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The ‘Contraception’ Controversy Unmasked



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“The Obama administration has mandated that religious employers must pay for abortion-inducing drugs,” is the simple and direct message that Conscience Cause is trying to get across in Senate races across the country, via voter guides released this week. In the below interview with National Review Online, Christen Varley, executive director of the effort explains what they’re up to.


Kathyrn Jean Lopez
:
Your voter guides focus on “abortion-inducing drugs.” But isn’t the HHS mandate all about contraception?

Christen Varley: The Obama administration, supporters of the mandate, and the media want us to believe this is simply about access to contraception. It’s been largely ignored that there are abortion-inducing drugs included in the mandate. We want to make sure people understand all that is being required. It helps explain why more people than just Catholics are up in arms about it — and in court about it, too.


Lopez
:
Is focusing on the abortion drugs as disingenuous as the Obama campaign pretending it’s primarily about contraceptive access and women’s health?

VARley: No. When we inform voters that the government is requiring religious people to violate their consciences, we have to explain how. We are simply pointing out what the administration has been trying to hide. Of course, they call these abortifacients “contraception,” but we know there is a difference. I suppose if you support the mandate you might not want this information out there.

#more#Lopez: What races are you focusing on and how did you come to choose them?

VARLEY: Conscience Cause has, from the beginning, considered the U.S. Senate to be our concern. There is widespread bi-partisan support in the House to amend — and ideally rescind — the mandate. In early 2012, the Blunt amendment, which would have extended exemptions from the mandate to religious institutions and employers, failed in the Senate. The senators that voted against the Blunt amendment are an obstacle in the fight to protect religious freedom. Voters need to know who they are.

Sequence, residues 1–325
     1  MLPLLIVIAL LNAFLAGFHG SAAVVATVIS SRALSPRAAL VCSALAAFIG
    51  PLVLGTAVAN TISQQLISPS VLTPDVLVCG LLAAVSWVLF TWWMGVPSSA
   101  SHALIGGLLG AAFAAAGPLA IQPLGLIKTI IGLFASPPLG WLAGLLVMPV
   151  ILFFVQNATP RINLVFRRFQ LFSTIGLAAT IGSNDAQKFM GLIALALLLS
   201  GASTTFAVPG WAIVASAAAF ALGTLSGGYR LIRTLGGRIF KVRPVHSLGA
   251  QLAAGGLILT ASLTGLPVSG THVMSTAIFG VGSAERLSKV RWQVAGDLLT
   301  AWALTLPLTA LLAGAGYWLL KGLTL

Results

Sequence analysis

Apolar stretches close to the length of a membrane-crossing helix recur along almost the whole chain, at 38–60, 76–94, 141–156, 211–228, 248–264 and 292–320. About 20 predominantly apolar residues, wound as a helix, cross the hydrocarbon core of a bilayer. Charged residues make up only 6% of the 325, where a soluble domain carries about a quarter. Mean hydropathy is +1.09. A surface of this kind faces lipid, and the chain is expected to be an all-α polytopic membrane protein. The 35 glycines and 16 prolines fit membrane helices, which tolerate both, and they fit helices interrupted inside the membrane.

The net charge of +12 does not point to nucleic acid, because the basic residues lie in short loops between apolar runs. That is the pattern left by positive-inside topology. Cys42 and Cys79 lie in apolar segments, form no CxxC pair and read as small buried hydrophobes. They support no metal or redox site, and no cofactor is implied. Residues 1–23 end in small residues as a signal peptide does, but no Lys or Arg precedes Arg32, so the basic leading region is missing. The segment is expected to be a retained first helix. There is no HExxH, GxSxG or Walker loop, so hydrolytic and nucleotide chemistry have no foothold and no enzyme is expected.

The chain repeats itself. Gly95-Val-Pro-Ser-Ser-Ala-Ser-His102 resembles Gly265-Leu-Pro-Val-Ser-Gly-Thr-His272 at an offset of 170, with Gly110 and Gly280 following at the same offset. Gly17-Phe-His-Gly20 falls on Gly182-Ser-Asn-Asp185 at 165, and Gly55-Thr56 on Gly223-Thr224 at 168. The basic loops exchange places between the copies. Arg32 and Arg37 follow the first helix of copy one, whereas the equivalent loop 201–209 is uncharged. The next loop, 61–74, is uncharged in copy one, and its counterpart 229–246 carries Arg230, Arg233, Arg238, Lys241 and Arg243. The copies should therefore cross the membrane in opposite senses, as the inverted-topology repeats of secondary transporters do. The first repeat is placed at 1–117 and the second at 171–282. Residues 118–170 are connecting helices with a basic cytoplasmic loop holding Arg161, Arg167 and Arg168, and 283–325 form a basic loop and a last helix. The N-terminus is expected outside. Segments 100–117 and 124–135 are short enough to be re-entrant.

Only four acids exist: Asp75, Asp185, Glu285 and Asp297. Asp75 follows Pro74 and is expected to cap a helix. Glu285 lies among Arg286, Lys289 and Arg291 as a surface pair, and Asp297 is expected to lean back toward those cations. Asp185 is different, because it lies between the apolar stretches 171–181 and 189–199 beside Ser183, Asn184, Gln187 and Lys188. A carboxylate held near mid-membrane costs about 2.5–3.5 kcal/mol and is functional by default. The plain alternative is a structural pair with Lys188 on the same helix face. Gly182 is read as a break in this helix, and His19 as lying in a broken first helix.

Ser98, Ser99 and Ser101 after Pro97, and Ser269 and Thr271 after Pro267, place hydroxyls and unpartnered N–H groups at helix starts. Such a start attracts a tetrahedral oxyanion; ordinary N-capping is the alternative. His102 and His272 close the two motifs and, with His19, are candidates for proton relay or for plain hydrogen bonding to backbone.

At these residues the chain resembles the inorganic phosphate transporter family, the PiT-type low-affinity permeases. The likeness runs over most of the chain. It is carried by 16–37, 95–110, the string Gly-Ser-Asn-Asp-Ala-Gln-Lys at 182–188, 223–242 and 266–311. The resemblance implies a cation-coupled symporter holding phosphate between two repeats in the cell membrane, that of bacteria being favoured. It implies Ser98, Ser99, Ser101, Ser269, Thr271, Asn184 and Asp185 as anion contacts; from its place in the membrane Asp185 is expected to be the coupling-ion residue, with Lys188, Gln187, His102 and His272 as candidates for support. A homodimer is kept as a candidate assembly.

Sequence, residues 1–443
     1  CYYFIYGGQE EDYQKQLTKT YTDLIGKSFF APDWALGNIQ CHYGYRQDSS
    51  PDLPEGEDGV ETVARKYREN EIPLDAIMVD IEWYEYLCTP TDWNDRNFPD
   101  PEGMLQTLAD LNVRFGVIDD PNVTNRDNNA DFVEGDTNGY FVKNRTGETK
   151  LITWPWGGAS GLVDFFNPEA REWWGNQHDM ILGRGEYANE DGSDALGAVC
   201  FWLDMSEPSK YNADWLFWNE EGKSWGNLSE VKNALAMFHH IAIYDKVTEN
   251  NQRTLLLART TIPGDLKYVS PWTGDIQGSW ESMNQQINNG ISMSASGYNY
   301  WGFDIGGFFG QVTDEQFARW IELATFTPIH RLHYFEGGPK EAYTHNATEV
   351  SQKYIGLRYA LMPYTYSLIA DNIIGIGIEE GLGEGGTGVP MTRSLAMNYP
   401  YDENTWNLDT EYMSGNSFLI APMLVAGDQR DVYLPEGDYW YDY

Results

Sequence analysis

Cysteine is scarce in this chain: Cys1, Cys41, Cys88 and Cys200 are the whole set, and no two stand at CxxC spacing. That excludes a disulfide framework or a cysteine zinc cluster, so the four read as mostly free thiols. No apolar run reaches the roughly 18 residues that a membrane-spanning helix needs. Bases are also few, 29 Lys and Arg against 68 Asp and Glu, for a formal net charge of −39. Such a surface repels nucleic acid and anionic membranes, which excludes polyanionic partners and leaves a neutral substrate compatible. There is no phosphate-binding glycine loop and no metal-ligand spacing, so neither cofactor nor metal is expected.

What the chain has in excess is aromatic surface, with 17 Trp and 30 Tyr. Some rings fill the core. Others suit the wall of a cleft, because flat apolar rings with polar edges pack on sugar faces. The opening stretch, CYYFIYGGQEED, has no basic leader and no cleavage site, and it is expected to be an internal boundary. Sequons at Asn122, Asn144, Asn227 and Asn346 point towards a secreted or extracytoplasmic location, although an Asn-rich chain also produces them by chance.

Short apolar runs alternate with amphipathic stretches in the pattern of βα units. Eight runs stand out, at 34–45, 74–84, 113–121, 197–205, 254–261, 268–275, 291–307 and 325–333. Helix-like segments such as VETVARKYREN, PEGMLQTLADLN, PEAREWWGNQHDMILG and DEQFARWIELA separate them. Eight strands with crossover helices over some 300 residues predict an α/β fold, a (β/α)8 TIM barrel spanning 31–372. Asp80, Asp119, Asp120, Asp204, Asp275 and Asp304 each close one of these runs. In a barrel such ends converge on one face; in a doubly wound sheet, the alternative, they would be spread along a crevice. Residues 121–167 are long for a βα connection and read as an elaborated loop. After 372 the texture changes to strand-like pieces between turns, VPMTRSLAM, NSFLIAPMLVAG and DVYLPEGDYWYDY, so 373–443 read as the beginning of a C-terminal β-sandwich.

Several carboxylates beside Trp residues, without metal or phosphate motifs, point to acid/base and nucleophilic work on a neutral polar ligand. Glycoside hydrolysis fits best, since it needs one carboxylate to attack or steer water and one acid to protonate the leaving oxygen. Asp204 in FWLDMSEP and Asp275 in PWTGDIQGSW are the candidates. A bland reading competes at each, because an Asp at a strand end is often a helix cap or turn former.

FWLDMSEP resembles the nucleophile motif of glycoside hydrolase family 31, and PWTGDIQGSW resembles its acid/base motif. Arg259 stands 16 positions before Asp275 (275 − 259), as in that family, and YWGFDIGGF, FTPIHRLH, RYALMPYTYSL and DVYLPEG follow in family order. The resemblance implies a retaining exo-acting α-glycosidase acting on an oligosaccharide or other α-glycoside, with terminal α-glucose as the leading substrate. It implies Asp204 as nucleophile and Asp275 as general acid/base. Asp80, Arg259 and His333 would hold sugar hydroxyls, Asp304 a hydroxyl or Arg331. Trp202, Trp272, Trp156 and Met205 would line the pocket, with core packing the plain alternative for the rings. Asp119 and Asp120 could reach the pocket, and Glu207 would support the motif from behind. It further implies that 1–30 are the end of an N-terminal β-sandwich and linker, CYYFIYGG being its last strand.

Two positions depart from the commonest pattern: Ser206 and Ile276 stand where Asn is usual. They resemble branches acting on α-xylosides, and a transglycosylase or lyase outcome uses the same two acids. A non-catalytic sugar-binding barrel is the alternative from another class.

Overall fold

Lopez: Isn’t Conscience Cause just another way to defeat Democrats, just another arm of the Tea Party?

VARLEY: Conscience Cause is made up of leaders from both political parties as well as many different faiths who want to preserve and protect religious freedom. I went back and looked at the guides, and it’s remarkable that all the senators that support the mandate are Democrats. I think that is more of a problem for the Democratic party than it is for us. Why are these Democrats not standing up for religious freedom?


Lopez: Is it notable that someone like Scott Brown, from a northeastern state, who is not an opponent of legal abortion, opposes this mandate?

VARLEY: Scott Brown has long been a proponent of conscience rights. He opposes taxpayer funding of abortion. His opposition to the mandate is consistent with his record. One need not be pro-life to support religious freedom. In fact, one need not be a “believer “ to support religious freedom either. Freedom of religion is fundamental to our nation. It is our first freedom. How any elected official who swears an oath to protect and defend the constitution supports this mandate is beyond my understanding.